The Heights area, now a mixed use neighborhood just north of downtown, was originally Houston Heights, a working-class suburb to the nearby city of Houston. Nebraska investors, the Omaha & South Texas Land Company, developed the area in 1891 and despite its blue-collar roots, the area boasted several large, expansive homes including several along Heights, the area's main thoroughfare. The remaining grand homes and bungalows are being rapidly replaced by new home construction, which means that what's there today might not be there tomorrow. Before the Heights landscape changes any further, we want to point some of our favorite historic buildings.
10. Heights City Hall and Fire Station 107 W. 12th Street, 1915
The Heights City Hall and Fire Station, designed by A. C. Pigg and completed in 1915, is an early example of consolidated municipal office buildings that were common in Texas in the 1920s. The two-story brick building (seen above) currently houses the Houston Heights Association. After leasing the building for a time, the Association purchased the building from the City of Houston and rehabilitated the structure in the late 1990s.
9. Heights State Bank Building / Rockefeller Hall 3620 Washington Avenue, 1925
The classically detailed and somewhat somber building was designed by Joseph Finger and completed in 1925. In 1978 Taft Architects rehabilitated the Heights State Bank Building into Rockefeller Hall, an intimate and extremely stylish nightclub for J. B. Cirincione and Sanford Criner. Musical notables such as Tito Puente, Tower of Power, Tuck and Patti graced the tiny stage while the club was active. The rehab managed to keep the bank's small scale grandeur intact. The building, which still occasionally used as a special events venue, anchors the intersection of Heights Boulevard and Washington Avenue.
8. Houston Public Library, Heights Branch 1302 Heights Boulevard, 1925
Architect J. M. Glover designed the Heights Branch of the Houston Public Library, in continuous use since its opening in 1925. One of the first two branch libraries in the city, the Italian Renaissance styled building's most dominate exterior element is the entrance bay which was constructed in cast stone. In 1979 Ray Bailey Architects rehabilitated the building and added a new extension. The extension's clean, modern lines compliment the original building.
7. Banta House 119 E. 20th Street, 1918
As with many private homes in the Heights area, the Banta House has been pressed into commercial use and is now an office building. The two-story building was completed in 1918 as a private residence for candy manufacturer Jonathan E. Banta. The brick structure is notable for its two level concrete porch, made of thick, tapered columns and cut out balusters, which wraps around the entire building. This story continues on the next page.
6. Mansfield House 1802 Harvard Street, 1899
The Victorian villa known as Mansfield House was built in 1899. It echoes a similarly styled Milroy Home at 1102 Heights (seen later on this list). Thanks to architect Bart Truxillo's careful restoration the Mansfield House is one of the few truly grand homes remaining in the Heights area.
The view of the home from the street is blocked by lush, overgrown landscaping and both the structure and grounds seem much smaller than they are.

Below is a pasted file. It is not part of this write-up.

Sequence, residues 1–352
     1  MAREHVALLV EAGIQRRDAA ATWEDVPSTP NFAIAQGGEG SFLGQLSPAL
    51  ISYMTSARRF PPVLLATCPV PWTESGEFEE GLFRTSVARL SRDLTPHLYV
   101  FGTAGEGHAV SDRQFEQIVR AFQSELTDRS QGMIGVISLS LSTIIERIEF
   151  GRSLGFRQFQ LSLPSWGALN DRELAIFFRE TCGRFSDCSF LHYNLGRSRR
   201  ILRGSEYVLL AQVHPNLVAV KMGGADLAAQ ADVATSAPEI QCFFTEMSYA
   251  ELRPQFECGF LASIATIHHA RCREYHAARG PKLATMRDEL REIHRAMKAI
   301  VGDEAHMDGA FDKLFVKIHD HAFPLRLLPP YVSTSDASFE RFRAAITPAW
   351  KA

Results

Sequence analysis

5. Zagst House 347 W. 20th Street, 1904
Originally owned by carpenter and builder Stephen R. Zagst, the two-story five bedroom, three bathroom wooden home at 327 W. 20th isn't in prime condition but the grace and charm of the 1904 structure remains clearly evident. The curved veranda, present on both levels, is the home's most dominate feature. Other exterior decorative elements are minimal. Unlike many other homes in the area that were constructed at the turn of the 20th century, the Zagst house has retained its large yard. The grounds are a little larger than half an acre.
4. Reed House 308 Cordell Street, 1910
Frank R. Reed, a plasterer by profession, built his family home with its advertising potential in mind. The three-bedroom, two-bathroom house is surrounded by its original low fence.
This story continues on the next page.
3. Schleser House 1123 Harvard, 1912
The Alamo-styled bungalow was built by brick contractor Joseph Schleser as his family residence in the early 1900s. The structure, with its elaborate contrasting exterior trim, is considered the most notable structure of its kind in the city. It's also among the most intact rehabilitated homes in the Heights area.
2. Drumheller House 1525 Cortland Street, 1911
The three-bedroom, two bathroom Brumheller House, completed in 1911 is among the area's most impressive Craftsman bungalows. Dark wood trim stands out against the structure's light gray exterior. Cement steps leading to the front porch, which runs along the entire front of the home, are home to two stone lions. Minimal landscaping allow the home's understated and functional design to dominate the property.
1. Milroy House 1102 Heights Boulevard, 1896
Built by developer Henry F. MacGregor in 1896, the home at the top of our list is likely an adaptation of Design No. 30 in Cottage Souvenir No. 2, a 1891 pattern book by Knoxville architect George F. Barber. MacGregor sold the home to John A. Milroy, one of officials associated with Omaha & South Texas Land Company. A landmark in the area, it's the only remaining original structure of dozens of grand homes that lined Heights Boulevard most of which were owned by company officials. A large wrap-around porch and distinctive tower are among the home's most notable architectural elements. The large grounds, surrounded by a low wooden fence, contain a large Magnolia tree.
Special thanks to AIA Houston and Gerald Moorhead, FAIA for the photographs used in the this post.
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